Eyeing the Black Risk Takers of Paulson Fontaine Press


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David Huffman’s Basketball Pyramid (2007) is showing at the Bedford Gallery.

Photo by David Huffman

The San Francisco Bay Area is known for its political liberalism and tolerance, two qualities that would seem beyond reproach, but not, unfortunately, in today’s political climate. The cynical scapegoating of various minorities by Fox News and its friends and allies in the White House is bad enough; what seems to be a clandestine targeting of black men by police forces, designed to punish and intimidate, is, it seems, Trumpian America’s equivalent of the mysterious Russian-journalist purge.

Berkeley’s Paulson Fontaine Press, a respected and established publisher of art prints, represents some of the best artists in the country—some of whom happen to be black—about whom Rhea Fontaine writes: “These are the people who are taking risks that others aren’t willing to take, saying things that other people aren’t willing to say, seeing things that other people are not seeing.”

The group exhibition, Personal to Political: Celebrating the African-American Artists of Paulson Fontaine Press, was assembled by the Bedford Gallery, and will travel around the country for the next four years, so others will see (if they choose to). Wide-ranging in its focus, it combines the graphic work—as well as paintings, sculptures, and quilts—of Edgar Arceneaux, Radcliffe Bailey, McArthur Binion, the Gee’s Bend Quilters (Louisiana and Mary Lee Bendolph, Loretta Bennett, and Loretta Pettway) of rural Alabama, Lonnie Holley, David Huffman, Samuel Levi Jones, Kerry James Marshall, Martin Puryear, Gary Simmons, and Lava Thomas.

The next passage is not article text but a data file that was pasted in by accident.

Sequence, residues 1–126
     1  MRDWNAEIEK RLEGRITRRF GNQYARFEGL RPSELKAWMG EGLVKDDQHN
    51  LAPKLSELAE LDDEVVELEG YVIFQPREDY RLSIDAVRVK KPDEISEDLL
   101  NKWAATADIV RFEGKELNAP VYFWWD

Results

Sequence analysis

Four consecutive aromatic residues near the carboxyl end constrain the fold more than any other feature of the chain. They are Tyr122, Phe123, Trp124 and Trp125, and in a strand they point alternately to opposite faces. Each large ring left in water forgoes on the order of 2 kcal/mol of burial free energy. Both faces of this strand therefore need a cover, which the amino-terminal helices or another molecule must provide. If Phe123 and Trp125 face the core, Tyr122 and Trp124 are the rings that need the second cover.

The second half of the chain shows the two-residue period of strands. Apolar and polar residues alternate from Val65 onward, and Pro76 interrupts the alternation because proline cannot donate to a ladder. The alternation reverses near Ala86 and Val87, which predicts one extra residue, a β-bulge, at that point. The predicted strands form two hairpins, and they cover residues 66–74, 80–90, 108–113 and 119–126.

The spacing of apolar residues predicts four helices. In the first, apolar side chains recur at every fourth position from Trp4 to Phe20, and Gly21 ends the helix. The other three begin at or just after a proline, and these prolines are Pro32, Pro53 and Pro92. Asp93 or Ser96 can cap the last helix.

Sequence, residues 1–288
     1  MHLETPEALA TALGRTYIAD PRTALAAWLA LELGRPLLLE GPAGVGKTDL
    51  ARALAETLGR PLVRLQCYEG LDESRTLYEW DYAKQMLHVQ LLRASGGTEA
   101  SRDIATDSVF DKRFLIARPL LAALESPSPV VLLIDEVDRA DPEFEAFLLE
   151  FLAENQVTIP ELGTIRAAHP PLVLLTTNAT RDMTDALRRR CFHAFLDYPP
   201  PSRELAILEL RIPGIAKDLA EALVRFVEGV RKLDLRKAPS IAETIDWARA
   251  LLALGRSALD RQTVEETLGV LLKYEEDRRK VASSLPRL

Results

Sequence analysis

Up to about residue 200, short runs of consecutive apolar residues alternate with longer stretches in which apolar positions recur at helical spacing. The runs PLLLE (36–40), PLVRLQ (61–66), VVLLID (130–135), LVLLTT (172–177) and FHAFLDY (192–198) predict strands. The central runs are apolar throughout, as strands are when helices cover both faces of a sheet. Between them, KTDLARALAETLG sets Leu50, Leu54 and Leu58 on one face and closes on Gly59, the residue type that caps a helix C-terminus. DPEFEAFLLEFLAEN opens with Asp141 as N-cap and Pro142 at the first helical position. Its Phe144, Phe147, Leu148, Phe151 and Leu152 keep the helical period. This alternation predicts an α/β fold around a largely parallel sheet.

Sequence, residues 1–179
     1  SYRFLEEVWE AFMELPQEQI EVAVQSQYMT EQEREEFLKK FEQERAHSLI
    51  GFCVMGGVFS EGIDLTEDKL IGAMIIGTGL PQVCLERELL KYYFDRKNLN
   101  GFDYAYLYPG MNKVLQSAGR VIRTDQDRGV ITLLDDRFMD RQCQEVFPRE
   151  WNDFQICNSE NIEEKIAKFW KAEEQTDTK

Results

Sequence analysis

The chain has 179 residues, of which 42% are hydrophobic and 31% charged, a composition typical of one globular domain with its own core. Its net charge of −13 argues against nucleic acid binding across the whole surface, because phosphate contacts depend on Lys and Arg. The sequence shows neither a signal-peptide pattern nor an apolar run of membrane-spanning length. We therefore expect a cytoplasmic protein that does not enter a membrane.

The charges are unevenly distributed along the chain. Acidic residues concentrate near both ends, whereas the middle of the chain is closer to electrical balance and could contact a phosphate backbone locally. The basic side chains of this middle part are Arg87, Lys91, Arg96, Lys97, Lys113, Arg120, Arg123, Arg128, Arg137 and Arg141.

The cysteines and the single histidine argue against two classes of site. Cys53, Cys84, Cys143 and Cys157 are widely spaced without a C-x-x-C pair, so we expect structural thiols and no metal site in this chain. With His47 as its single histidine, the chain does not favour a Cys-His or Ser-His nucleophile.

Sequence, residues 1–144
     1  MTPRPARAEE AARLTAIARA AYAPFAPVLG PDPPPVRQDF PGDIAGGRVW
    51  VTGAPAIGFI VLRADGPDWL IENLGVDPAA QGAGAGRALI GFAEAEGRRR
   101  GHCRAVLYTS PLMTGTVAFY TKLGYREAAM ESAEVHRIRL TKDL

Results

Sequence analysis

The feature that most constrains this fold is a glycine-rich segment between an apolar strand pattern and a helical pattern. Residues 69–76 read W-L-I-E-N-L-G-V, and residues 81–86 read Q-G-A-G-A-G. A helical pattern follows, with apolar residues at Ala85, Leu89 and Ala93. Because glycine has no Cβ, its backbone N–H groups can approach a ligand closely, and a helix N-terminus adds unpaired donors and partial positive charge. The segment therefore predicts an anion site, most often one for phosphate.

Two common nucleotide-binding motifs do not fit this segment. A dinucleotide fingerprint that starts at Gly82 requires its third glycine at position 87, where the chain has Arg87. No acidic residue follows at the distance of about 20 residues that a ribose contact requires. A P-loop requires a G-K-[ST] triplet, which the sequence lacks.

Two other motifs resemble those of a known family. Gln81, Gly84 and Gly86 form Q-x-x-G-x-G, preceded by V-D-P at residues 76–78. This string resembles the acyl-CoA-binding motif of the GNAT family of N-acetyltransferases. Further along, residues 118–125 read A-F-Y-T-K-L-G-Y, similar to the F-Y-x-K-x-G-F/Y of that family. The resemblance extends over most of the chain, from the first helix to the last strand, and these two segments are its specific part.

The works combine aesthetic form with sociopolitical content in varying degrees. Martin Puryear’s elegant etching, depicting one of his minimalist sculptures, Untitled (State II) (2004), and Loretta Pettway’s bold, resonant color etching, Remember Me (2007), replicating one of her quilts, are on the abstract side. Radcliffe Bailey’s In the Garden (2003), Gary Simmons’ Starlite Theatre (2012), Kerry James Marshall’s Untitled (Handsome Young Man) (2010), David Huffman’s Basketball Pyramid (2007), and Lava Thomas’s Fictitious Self-Portrait (2006) examine and extol black culture and history. A catalogue is available. Personal to Political runs through June 24, Bedford Gallery, 1601 Civic Drive, Walnut Creek, BedfordGallery.org    

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